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Date of Issue: March 30, 2005

Parents get sneak peek at AME construction plan

Before heading home for spring break, Anna Maria Elementary School students and parents received a computer CD-ROM video highlighting the need for a new Island school and featuring a look at the design plans for the pending construction of the new facilities.

The video CD was part of a Manatee County School Board initiative to document its current construction plans and projects.

AME Principal Kathy Hayes said the video tries to capture the history of the school as well as what the community has to look forward to in the future.

In the video, Hayes walks the viewer through the existing school as she points out how the more than 50-year-old structure has served the community well, yet where it has failed to hold up.

For example, when AME was constructed in the 1950s, media centers were not utilized in schools. As a result, AME's media center is housed in classroom space. In the new building, Hayes says, the media center will have more than three times the square footage. In addition, the media center will include an upgraded television production set and studio for the student-produced AME morning news show.

The video also shows how teachers have trouble regulating classroom temperatures, compete with noise from air conditioning units, lack of storage space and functional windows. Hayes says in the new building there will be a textbook storage room and walk-in storage closets in classrooms.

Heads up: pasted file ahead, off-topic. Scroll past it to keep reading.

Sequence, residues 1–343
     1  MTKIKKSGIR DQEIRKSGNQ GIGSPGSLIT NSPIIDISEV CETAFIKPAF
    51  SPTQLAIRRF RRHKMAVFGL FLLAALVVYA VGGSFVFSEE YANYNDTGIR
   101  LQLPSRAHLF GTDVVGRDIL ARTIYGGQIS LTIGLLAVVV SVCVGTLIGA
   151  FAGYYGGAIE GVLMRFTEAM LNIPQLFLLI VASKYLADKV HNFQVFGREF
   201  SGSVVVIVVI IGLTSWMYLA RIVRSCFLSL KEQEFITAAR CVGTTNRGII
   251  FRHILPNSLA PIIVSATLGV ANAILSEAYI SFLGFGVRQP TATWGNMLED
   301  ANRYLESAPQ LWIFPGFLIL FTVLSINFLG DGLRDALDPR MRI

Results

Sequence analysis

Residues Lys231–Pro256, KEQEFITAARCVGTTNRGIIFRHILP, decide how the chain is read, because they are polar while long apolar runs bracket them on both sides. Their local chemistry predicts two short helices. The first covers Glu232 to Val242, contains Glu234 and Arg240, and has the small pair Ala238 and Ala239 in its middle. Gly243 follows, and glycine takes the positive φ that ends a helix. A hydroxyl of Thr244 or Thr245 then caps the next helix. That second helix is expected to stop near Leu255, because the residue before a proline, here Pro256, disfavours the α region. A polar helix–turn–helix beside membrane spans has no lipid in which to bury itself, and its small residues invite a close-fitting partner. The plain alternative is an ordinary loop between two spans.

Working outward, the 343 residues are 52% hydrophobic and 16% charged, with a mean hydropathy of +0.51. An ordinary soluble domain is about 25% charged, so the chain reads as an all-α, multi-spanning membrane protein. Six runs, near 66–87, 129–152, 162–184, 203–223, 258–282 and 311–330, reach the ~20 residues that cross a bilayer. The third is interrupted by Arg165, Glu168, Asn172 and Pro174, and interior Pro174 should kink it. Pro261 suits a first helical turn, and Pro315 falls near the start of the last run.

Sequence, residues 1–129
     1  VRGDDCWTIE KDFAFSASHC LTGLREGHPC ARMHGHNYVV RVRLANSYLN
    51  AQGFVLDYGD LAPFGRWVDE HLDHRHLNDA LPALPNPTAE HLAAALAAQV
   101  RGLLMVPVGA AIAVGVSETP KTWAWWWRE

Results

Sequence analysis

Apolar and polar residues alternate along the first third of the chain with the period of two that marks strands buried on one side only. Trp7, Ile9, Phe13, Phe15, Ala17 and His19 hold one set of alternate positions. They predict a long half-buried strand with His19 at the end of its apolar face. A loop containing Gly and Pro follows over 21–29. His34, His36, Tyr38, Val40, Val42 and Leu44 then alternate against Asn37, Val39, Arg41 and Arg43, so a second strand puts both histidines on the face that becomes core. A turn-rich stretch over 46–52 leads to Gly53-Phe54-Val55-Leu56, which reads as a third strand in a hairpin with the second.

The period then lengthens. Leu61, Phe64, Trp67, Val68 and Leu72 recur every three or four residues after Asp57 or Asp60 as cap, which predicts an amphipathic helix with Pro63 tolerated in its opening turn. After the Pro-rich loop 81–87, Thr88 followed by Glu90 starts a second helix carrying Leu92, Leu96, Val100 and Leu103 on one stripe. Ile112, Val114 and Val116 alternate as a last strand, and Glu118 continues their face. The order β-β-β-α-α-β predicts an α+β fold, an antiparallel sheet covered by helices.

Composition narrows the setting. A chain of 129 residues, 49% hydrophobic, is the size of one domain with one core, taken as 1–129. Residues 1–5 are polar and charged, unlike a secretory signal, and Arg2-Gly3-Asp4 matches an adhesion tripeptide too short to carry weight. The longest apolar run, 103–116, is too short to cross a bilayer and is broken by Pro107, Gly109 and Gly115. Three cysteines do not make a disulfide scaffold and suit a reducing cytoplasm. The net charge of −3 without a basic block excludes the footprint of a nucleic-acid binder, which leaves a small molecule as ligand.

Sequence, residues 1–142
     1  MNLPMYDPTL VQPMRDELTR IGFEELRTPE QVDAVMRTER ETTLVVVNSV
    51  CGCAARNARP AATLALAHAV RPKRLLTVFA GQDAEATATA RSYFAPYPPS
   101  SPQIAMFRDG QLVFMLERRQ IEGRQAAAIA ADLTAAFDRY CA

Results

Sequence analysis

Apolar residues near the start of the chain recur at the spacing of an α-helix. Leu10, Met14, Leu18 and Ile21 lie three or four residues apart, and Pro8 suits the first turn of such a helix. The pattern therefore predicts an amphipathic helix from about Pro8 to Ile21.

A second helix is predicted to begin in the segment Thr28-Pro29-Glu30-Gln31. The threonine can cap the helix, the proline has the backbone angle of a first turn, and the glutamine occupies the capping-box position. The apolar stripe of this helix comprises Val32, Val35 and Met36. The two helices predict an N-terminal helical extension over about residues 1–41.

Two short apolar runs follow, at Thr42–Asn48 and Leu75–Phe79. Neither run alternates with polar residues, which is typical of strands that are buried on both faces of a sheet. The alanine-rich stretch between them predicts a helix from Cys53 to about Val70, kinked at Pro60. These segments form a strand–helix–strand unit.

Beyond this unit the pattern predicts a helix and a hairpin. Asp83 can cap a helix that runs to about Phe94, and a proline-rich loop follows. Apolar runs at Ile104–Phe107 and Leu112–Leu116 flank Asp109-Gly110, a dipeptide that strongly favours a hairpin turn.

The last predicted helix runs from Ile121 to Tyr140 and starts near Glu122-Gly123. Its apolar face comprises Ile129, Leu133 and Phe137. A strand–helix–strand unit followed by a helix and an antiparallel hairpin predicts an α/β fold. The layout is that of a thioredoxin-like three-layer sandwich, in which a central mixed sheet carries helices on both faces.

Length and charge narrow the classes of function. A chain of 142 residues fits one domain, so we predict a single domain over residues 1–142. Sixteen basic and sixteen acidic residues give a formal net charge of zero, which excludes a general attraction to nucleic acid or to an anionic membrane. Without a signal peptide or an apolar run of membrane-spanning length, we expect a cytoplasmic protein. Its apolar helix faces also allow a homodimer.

Hayes noted that when the new building is completed, all the portable classrooms will be gone and it will be the first time in years everyone will be under one roof.

The new building's traffic flow plan will also alleviate congestion on Gulf Drive since three times as many cars will fit in the car waiting loop.

"We have a very open campus in many ways, in and out and we sit on Gulf Drive, a very busy street. It's almost impossible for our staff and teachers to keep track of who is on campus," Hayes said. "In our new building, we'll still have an open campus but with one main entry. I think at times, a small Island community can have a false sense of security. It's critical we do all we can to have a safe school campus."

Hayes also pointed out the school's unique waterfront view and noted that the existing school sits as far away as possible from the waterfront. "Our new campus will be situated more ideally on the site with gorgeous waterfront views for teachers and students - what an inspiring place to learn and teach," said Hayes.

Landscape architect David Jones is featured in the video sharing the design team's opportunity to recreate a coastal landscape that would have originally occured on a barrier island for education and practical use at the school. "It gives us an opportunity to show students what is native on the Island," he said.

At the close of the video, Hayes walks the viewer through the design plans for the new building. On the first floor will be classrooms for kindergarten, first- and second-grades, a computer lab, kitchen and dining area. A breezeway takes you to the art and music classrooms and auditorium.

Third-, fourth- and fifth-grade classes will be located on the second floor, along with the media center.

The two-story building will be the focus of the first phase of construction and Hayes said she believes W.G. Mills Construction will begin the project in May, but the heavy equipment work required to lay the foundation, footers and walls will take place during the summer.

If construction is not delayed, Hayes anticipates it may be possible to move into the two-story building over the 2004 winter break and begin 2005 in new classrooms.